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Modelling Mysterious Power


The art and skill of modelling forms an intrinsic part of using Clean Language and Symbolic Modelling well. Some facilitators seem to have a natural ‘gift’ for it, yet a satisfying description of what makes a good modeller remains elusive. Modelling is certainly not a mystical process, yet it has a touch of the mysterious about it, hard-to-describe, yet tangible. I have found that my occasional forays into the translations of old Chinese texts have taught me things about modelling and working cleanly that conceptual descriptions have not.

Those of you who have attended our Clean Learning trainings may have heard us recite the short poem called ‘Acting simply’ that starts ‘True leaders are hardly known to their followers…’ It comes from a superb interpretation by Ursula K. Le Guin of the ancient Chinese classic Tao Te Ching (Lao Tzu)*. You can find the poem at this link where it is the second one down on the page. It’s not hard to see the relationship between the characteristics of the ‘true leaders’ of the poem and those of a clean facilitator or coach.

Recently I’ve returned to the book and another poem has attracted my attention, called ‘One power’. This one speaks, I think, to another aspect of using Clean Language, that is, modelling and pattern spotting. I found it harder to get into at first; it took a few readings before I recognised what had attracted me to it..

Before I come to that, here’s the original short poem:

One power

Once upon a time
those who ruled according to the Way**
didn’t use it to make people knowing
but to keep them unknowing.

People get hard to manage
when they know too much.
Whoever rules by intellect
is a curse upon the land.
Whoever rules by ignorance
is a blessing on it.
To understand these things
is to have a pattern and a model,
and to understand the pattern and the model
is mysterious power.

Mysterious power
goes deep.
It reaches far.
It follows things back,
clear back to the great oneness.

‘Tao Te Ching’, Lao Tzu, interpr. Ursula K.Le Guin

One of the hard things about reading ancient texts is that they are written by an author who lived in a very different time and context to us. Making sense of the poems can be hard for an interpreter who is some 2500 years younger than the poem. Despite Le Guin doing an amazing job in bringing this old text forward in time and displaying its relevance to today’s world, all the talk about rulers and keeping the people ignorant seems very unfashionable now.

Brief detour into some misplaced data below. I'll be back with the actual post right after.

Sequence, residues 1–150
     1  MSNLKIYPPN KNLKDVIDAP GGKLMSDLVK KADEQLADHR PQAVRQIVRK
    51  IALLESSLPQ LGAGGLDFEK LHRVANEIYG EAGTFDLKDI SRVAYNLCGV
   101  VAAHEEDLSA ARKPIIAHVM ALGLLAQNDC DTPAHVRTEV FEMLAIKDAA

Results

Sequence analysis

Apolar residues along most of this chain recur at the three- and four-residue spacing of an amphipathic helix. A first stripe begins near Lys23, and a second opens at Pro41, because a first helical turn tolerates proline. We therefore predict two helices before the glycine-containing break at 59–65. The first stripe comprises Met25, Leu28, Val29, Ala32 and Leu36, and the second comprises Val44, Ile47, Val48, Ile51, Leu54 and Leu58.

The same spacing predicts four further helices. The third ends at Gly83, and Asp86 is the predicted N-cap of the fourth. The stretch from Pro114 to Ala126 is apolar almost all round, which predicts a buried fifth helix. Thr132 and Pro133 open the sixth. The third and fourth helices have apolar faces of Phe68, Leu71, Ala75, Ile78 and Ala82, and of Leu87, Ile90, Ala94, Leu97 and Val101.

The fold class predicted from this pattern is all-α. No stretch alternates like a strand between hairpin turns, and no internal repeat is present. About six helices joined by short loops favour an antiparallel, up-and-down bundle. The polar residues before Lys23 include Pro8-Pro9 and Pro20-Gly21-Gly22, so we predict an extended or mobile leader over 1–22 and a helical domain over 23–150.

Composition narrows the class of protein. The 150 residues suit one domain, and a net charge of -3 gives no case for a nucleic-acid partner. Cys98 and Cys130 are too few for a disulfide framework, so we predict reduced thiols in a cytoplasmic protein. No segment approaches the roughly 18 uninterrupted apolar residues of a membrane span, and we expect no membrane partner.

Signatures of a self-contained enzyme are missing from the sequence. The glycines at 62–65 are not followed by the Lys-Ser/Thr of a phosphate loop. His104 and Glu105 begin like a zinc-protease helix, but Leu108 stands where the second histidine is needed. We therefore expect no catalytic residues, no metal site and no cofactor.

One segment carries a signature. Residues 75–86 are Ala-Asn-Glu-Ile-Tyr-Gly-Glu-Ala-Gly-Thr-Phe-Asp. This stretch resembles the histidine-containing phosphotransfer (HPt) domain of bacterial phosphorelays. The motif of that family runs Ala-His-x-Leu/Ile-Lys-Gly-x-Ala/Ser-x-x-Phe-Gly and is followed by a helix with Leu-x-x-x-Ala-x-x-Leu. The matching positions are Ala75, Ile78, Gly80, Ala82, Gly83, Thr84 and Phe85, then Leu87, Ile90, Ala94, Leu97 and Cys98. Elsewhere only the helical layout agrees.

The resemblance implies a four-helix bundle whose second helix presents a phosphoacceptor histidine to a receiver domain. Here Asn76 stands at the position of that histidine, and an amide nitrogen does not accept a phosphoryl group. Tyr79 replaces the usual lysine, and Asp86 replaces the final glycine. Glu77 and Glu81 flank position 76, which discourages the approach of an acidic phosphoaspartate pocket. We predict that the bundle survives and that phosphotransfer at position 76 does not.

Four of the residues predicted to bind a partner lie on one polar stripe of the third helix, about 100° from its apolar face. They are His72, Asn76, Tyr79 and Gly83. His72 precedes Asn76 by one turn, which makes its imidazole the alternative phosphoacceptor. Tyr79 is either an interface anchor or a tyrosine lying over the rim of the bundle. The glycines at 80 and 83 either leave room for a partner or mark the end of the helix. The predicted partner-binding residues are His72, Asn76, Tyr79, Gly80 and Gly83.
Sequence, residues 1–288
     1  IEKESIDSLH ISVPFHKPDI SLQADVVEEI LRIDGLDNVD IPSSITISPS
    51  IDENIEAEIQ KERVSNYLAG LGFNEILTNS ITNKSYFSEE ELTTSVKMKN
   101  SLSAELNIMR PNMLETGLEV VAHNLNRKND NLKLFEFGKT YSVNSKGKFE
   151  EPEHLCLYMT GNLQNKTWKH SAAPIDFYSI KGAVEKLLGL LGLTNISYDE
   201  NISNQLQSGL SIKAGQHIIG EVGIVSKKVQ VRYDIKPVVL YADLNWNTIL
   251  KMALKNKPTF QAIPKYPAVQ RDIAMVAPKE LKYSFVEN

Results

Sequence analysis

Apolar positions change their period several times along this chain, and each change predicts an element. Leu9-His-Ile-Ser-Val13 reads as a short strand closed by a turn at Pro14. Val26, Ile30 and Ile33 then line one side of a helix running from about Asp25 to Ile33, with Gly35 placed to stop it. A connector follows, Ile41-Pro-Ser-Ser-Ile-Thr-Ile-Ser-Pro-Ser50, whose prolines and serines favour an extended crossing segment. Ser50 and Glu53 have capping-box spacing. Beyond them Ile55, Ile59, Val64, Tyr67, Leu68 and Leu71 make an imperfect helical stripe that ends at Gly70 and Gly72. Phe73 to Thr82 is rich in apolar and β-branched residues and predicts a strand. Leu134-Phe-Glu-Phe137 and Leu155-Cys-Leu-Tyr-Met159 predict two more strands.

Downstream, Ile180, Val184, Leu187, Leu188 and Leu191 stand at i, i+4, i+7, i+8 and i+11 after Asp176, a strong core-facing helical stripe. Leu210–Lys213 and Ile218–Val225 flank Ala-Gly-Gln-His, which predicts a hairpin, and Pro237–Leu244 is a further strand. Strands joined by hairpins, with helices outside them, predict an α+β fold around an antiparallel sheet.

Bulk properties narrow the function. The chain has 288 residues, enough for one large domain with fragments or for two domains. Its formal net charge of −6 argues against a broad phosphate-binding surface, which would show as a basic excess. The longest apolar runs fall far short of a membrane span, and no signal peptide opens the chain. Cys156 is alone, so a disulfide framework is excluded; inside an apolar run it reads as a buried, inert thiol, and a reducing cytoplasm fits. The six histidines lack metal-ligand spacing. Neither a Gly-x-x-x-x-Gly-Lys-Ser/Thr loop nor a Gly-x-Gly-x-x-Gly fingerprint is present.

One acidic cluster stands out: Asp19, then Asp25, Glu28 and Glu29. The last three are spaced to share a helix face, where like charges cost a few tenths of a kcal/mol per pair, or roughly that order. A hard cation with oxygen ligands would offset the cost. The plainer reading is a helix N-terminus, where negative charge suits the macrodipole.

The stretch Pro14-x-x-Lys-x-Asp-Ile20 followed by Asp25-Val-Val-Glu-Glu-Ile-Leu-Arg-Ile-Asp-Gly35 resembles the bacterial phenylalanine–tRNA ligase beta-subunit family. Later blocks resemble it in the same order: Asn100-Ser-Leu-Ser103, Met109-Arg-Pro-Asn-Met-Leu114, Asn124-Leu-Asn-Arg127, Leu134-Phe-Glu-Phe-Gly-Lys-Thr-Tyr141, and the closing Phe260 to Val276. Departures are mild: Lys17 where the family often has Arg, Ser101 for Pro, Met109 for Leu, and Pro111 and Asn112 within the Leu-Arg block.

Yet, after a few goes at reading it, I started to recognise in the poem what had drawn me to it: the parallels that I could see between Clean Language modelling and the ‘mysterious power’ of the poem.

Rather than write conceptually about my interpretation, I thought I would be cheeky and rewrite it specifically for the context of a facilitator with a client (I use the word ‘coach’ in my version because it’s shorter than ‘facilitator’) and also that of a client with him/herself. I have found this easier to do than writing ‘about’ my experience of it. I make no claim to artistry with my clumsy version; still, it does capture for me some of the essence of what working cleanly can mean for the coach and the client.

These days
those who coach others cleanly
don’t try to make themselves knowing
but work within the unknowing.

Coaches find it hard to coach
when they have too much need to know.
Whoever coaches by intellect
is a distraction for the client.
Whoever coaches through not knowing
is a resource for him or her.
To understand these things
is to recognise a pattern and a model in the self,
and when self understands the pattern and the model,
there is mysterious power.

Mysterious power in self
goes deep.
It emerges from the client, from the system.
It reaches out.
It follows things back,
clear back to the great oneness.

Paraphrased by Phil Swallow
(with heartfelt apologies to Ursula K. Le Guin and ancient Chinese authors everywhere and everywhen)

What emerged for me from this exercise was:

  • The ‘mysterious power’ in self-knowledge comes from the client, not the process or the facilitator.
  • A facilitator taken with their own need to understand and ‘know’ can make it hard for a client to process.
  • Even asking ‘what do you know?’ or ‘what does this space know?’ imposes the tyranny of ‘knowing’ upon the client.


*Tao Te Ching, Lao Tzu, interpr. Ursula K. Le Guin, Shambala Press, 1997, ISBN 1-57062-333-3

**the ‘Way’ is a fundamental yet paradoxical metaphor in the Tao Te Ching; ‘hard to grasp’ as the book itself says. Wikipedia describes the Way as having ‘special meaning within the context of Taoism, where it implies the essential, unnameable process of the universe.’ As soon as someone tries to describe it, you can be sure that’s not it, so I won’t try! Happily, understanding the Way is not critical to appreciating this short article.

Photo by Johny Goerend on Unsplash

About Phil Swallow

Phil Swallow's avatar

Phil has worked closely with leaders in the developing field of clean approaches, both in UK and France, as experienced facilitator, co-trainer and assessor. He wishes David Grove could be here now to know the spread and development of his original ideas worldwide.

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